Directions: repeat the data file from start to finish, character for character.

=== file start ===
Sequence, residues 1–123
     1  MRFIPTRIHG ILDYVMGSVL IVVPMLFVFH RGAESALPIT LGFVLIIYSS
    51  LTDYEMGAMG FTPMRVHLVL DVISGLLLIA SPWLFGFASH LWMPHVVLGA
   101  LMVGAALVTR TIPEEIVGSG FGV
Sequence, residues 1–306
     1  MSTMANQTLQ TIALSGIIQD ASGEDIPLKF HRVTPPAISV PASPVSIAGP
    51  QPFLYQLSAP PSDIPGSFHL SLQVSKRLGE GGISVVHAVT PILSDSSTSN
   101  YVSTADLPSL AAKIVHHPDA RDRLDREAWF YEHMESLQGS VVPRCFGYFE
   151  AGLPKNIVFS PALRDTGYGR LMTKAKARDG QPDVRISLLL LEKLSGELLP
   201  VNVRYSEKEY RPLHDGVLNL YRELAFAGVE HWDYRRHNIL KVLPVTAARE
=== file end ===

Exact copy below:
Sequence, residues 1–123
     1  MRFIPTRIHG ILDYVMGSVL IVVPMLFVFH RGAESALPIT LGFVLIIYSS
    51  LTDYEMGAMG FTPMRVHLVL DVISGLLLIA SPWLFGFASH LWMPHVVLGA
   101  LMVGAALVTR TIPEEIVGSG FGV
Sequence, residues 1–306
     1  MSTMANQTLQ TIALSGIIQD ASGEDIPLKF HRVTPPAISV PASPVSIAGP
    51  QPFLYQLSAP PSDIPGSFHL SLQVSKRLGE GGISVVHAVT PILSDSSTSN
   101  YVSTADLPSL AAKIVHHPDA RDRLDREAWF YEHMESLQGS VVPRCFGYFE
   151  AGLPKNIVFS PALRDTGYGR LMTKAKARDG QPDVRISLLL LEKLSGELLP
   201  VNVRYSEKEY RPLHDGVLNL YRELAFAGVE HWDYRRHNIL KVLPVTAARE